So ultimately, you know, it's about sort of providing education to providing education that, you know, recovery is possible and that there's evidence based treatments for it. You know, help the providers like, you know, see the people with substance use disorders as people through exposing them to a lived experience. And then ultimately sometimes it's just, you know, working, working with them more, you know. Providers are people too.
And so they have these built up cognitive barriers that I've talked about. And so, you can work with the providers to help dispel some of the myths about working with people with substance use disorders. Just to list some examples.
Any other questions in the crowd here?
- [Audience Member Two]
And you did a great job of identifying the three different types of self, structural and public. And so I was just kind of wondering with the work that your team has been doing, do you have more data in any one of those three areas from the work that you know, that you've done over the years?
So we actually haven't look- we should have but we haven't looked too closely at the data yet, but we do have data at least before and after the workshops that are put sent out in the community. So we'll have to take a closer look at that. And then we're also considering strategies to again, look at potential, you know, longer term outcomes and also some of the behaviors as well that I was referring to. But we haven't gotten there yet.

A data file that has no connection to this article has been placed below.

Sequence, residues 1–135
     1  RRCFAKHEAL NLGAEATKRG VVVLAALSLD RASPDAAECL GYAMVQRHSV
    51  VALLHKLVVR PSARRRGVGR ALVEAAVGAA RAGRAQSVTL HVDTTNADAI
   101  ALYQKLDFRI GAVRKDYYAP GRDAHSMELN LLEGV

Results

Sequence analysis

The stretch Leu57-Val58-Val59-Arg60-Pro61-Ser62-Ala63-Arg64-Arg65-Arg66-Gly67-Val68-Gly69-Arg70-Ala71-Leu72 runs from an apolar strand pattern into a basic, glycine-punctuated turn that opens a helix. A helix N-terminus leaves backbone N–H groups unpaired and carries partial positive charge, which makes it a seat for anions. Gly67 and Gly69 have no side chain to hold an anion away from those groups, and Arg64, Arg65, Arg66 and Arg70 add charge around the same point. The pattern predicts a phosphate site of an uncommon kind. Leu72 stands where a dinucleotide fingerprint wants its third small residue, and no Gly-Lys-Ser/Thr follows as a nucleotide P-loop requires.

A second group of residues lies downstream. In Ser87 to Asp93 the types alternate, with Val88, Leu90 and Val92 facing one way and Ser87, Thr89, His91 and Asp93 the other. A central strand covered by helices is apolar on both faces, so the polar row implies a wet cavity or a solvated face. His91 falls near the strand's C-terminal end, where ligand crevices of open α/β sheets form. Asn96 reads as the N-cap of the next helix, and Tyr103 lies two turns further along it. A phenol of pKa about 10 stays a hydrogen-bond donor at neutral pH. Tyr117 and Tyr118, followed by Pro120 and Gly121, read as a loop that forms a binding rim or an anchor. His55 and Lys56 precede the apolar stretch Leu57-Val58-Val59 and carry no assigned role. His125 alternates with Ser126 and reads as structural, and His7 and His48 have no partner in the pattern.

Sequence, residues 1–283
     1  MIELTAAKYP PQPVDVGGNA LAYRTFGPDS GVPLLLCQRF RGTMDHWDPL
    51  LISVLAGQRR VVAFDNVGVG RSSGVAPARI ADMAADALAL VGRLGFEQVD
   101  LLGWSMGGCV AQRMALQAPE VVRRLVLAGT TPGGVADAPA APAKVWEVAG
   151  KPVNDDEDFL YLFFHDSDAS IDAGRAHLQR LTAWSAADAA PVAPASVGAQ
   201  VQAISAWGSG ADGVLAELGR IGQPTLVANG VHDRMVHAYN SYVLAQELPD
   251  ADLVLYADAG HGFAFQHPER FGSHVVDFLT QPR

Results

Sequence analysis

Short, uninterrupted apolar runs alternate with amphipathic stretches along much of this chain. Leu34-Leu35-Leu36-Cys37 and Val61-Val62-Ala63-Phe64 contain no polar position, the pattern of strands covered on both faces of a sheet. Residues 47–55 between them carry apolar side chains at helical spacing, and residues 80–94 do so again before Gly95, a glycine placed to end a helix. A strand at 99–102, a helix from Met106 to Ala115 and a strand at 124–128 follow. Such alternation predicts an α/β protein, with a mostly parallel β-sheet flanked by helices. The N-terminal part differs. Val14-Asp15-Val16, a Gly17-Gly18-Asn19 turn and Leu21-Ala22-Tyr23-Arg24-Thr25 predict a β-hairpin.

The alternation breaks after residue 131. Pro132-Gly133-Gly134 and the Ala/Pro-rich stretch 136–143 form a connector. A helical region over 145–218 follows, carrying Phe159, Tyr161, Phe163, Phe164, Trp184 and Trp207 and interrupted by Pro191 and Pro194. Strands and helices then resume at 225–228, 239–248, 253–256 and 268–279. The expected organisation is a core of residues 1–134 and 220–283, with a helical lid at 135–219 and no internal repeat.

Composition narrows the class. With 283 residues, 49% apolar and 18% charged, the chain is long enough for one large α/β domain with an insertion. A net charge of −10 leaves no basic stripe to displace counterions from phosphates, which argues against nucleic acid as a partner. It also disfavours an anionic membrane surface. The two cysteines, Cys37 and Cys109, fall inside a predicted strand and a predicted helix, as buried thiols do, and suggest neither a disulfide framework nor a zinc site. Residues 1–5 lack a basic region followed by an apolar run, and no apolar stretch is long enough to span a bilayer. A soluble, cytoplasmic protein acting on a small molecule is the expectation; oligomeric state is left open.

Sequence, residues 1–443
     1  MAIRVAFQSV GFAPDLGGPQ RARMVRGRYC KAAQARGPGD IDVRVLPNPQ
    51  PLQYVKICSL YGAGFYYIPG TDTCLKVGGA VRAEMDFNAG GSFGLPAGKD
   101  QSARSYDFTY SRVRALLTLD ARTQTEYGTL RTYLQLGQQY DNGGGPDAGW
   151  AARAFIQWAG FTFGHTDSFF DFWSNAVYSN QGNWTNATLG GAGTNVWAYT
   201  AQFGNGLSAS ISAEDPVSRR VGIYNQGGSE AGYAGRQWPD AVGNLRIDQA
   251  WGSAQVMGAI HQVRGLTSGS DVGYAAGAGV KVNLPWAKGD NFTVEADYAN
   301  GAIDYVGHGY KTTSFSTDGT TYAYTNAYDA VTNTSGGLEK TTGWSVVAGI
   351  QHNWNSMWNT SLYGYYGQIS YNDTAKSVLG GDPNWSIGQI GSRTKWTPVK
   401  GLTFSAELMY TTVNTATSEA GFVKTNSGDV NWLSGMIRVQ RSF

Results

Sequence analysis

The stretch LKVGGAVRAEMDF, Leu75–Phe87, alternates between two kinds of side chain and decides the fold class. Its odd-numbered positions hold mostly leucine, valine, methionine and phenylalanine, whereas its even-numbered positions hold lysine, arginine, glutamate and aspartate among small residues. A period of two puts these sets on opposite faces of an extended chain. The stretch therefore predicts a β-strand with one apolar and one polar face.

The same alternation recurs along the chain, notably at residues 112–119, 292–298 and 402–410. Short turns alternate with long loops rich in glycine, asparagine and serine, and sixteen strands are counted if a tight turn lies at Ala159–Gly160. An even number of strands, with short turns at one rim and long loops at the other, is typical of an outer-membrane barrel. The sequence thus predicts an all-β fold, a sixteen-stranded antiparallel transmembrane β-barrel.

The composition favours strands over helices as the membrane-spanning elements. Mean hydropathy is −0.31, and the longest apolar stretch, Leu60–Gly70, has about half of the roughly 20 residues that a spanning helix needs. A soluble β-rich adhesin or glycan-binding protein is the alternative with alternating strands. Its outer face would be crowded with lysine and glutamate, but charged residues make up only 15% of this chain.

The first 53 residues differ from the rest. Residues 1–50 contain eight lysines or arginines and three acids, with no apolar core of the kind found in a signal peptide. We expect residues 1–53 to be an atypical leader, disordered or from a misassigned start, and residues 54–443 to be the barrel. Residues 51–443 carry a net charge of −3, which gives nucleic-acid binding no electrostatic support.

But just like anecdotally, like, you know, it seems, there seems to be movement there.
We have another one online. You mentioned the evidence for marketing campaigns to address public stigma is underwhelming. Are you aware of marketing or communication campaigns that have been effective at reducing stigma?
Yeah, there are some that have helped. I can't recall like what some of the specific campaigns are. But again, they sort of hit on those same themes of having engaging materials that focus on, you know, the lived experience of the individual, recoveries possible, that, you know, there's huge impacts on the brain with substance use disorders, to kind of dispel some of the myths and educate people that things are out there. There is a hu- like a massive national institute on drug abuse study that just started a little bit ago, so I'm kind of curious about how that will turn out.
And then I'm also working on, it's a VA study, but one of the people on our teams has her PhD in communications and she's really focusing in on developing messaging, public health messaging for people who have, who are using opioids and have had a recent overdose or suicide attempt and figuring out like, you know, how much of a balance do we have on, you know, focusing on the mental health side. You know, some kind of combination with substance use and mental health or just focusing on the substance use and what should the messages look like. And just some preliminary data that we found is that un- It seems like the ones that are, you know, sort of the messaging that's, you know, kind of, it's kind of depressing, you know, the talk about like the pain that they're experiencing, seem to be the messages that the veterans seem to respond the most to.
And the ones that are focused on the substance use versus the suicide aspect seem to be more powerful. But that's preliminary.